Tablet computers were first conceptualized in the late 1800’s when inventor Elisha Gray created the telautograph. His creation was a precursor to the modern fax machine and was the first device that transmitted handwriting to a stationary sheet of paper. For the first time ever, people could send their handwritten message to a distant point by using a two-wire circuit – and they loved it.
The telautograph quickly became the standard method of obtaining signatures over distances and was installed in banks, hospitals, and anywhere else that needed to send information quickly and accurately. The telautograph was so popular, that it was still being used as late as 1960 in New York City’s Grand Central Terminal to display train information.
Around this time, filmmakers and authors began experimenting with the notion of an advanced type of telautograph and inserted tablet computers into some of the most notable science-fiction works of our time. 2001: A Space Odyssey, Star Trek, The Hitchhiker’s Guide to the Galaxy, and many other TV shows, movies and books sparked the public’s interest in tablet computing. But it wouldn’t be until 2010 when we would be able to get our hands on one in earnest.
While there were several tablet computers available throughout the 1990’s and early 2000’s, these were marketed toward business users and not the general public. And by the time Android started making tablets for the masses in 2009, their operating system was still in its infancy and not as reliable as it is today. It was the Apple iPad that revolutionized the way we use mobile technology, and just like the telautograph, people loved it.
Apple sold over 7 million iPads in 2010 and that number steadily rose year after year as consumers snagged them off store shelves. Although initially met with strong skepticism, the iPad sparked a major influx of competitors trying to replicate its success. Before long, tablet computers from every major manufacturer would become readily available.
For the last four years, tablets have been a major part of the mobile ecosystem. Over 475 million units have shipped around the world since the iPad’s release and 20% of Americans claim to own one. But as consumers are now being bombarded with tablet alternatives like bigger smartphones and hybrid laptops, it appears that our interest in them isn’t as strong as it once was.
Earlier this week, Apple announced that for the second consecutive quarter, iPad sales fell 9.2% after a 16% drop just three months earlier. During this same quarter two years ago, iPad sales were at an all-time high with a whopping 84% increase from the previous quarter. In 24 short months, the iPad went from being the hottest tablet on the market, to one that is struggling to make a profit.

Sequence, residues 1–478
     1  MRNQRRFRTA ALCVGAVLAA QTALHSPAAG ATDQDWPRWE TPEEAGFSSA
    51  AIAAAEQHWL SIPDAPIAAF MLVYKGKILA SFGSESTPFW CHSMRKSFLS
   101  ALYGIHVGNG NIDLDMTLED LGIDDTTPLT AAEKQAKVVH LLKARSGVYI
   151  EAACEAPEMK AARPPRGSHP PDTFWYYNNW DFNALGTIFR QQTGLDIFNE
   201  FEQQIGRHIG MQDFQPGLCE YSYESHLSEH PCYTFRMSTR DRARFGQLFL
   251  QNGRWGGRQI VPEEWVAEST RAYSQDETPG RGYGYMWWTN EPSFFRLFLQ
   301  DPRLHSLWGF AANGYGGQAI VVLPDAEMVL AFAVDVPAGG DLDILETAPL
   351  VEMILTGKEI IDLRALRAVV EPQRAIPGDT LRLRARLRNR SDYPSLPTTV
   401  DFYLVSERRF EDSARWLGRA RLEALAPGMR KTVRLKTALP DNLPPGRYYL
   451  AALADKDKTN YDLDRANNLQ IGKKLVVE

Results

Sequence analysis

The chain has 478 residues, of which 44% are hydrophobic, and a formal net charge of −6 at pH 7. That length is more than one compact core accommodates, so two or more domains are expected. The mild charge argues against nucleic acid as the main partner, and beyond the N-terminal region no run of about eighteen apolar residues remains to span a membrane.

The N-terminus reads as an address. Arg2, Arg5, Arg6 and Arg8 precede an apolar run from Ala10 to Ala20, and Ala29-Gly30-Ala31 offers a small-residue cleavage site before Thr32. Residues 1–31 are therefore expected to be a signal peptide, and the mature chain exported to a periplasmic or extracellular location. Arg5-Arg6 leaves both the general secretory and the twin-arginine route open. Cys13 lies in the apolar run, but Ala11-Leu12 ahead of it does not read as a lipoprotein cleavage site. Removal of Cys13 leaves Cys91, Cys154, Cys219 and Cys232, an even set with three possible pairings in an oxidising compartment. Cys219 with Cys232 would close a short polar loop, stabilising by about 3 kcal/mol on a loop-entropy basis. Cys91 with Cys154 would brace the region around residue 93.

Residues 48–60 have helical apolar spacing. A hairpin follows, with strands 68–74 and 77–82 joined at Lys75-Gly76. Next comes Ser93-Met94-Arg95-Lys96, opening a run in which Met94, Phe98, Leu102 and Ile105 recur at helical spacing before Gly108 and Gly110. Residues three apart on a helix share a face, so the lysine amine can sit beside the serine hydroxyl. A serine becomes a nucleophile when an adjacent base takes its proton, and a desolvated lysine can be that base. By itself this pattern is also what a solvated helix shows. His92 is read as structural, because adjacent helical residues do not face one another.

Apple isn’t the only company having trouble selling tablets these days. Their biggest competitor, Samsung, also reported dwindling tablet sales for the second straight quarter and puts the blame entirely on smartphones.
“For tablets, shipments declined more than expected level due to weak overall market demand and, unlike smartphones, lack of carriers’ subsidies policy led to low replacement demand. The demand for 5-to-6 inch smartphones also cannibalized the demand for 7-to-8 inch tablets”
–Samsung Second Quarter Earnings Estimate
It is estimated that by the end of 2014, smartphone sales will add up to $41 billion. And according to Business Insider, phablets are the fastest-growing smartphone category with an annual growth rate of 27%. If this number holds steady, phablets will outnumber tablets by a three-to-one ratio by the year 2018. In other words: tablets won’t matter.
Because tablets are essentially an enlarged version of a smartphone, they rely heavily on having Internet access. To date, most tablets aren’t able to connect to the Internet unless there’s a Wi-Fi signal, and purchasing a data plan from a cellphone provider is an added expense many people can’t afford. For this reason, many consumers are finding themselves purchasing larger smartphones instead of tablets.
Apple’s iPad Mini costs $200 less than the $499 9.7-inch version, and the average price of an Android tablet is now $228. But even with tablet prices dropping, sales have not increased. Could it be that the public simply doesn’t care anymore? Are tablets becoming obsolete like the telautograph? Maybe — at least here in America.
When asked in a recent interview why consumers weren’t buying tablets anymore, Jeff Orr of ABI Research said: “Those that are going to be interested in buying a tablet in the U.S. by this point already have.” Expanding on his theory, it seems plausible that countries who haven’t wholly adopted the smartphone could be potential tablet consumers in the future.
India and Brazil are two prime examples where feature phones still dominate the market, largely due to their dynamic web capabilities. If they ever choose to adopt smartphones, tablets could see resurgence and remain relevant for many years to come. But if that doesn’t happen, it seems like the only place we’ll see tablets will be in science fiction.
Do you think tablets will become extinct? Or do you think there is a future for the technology?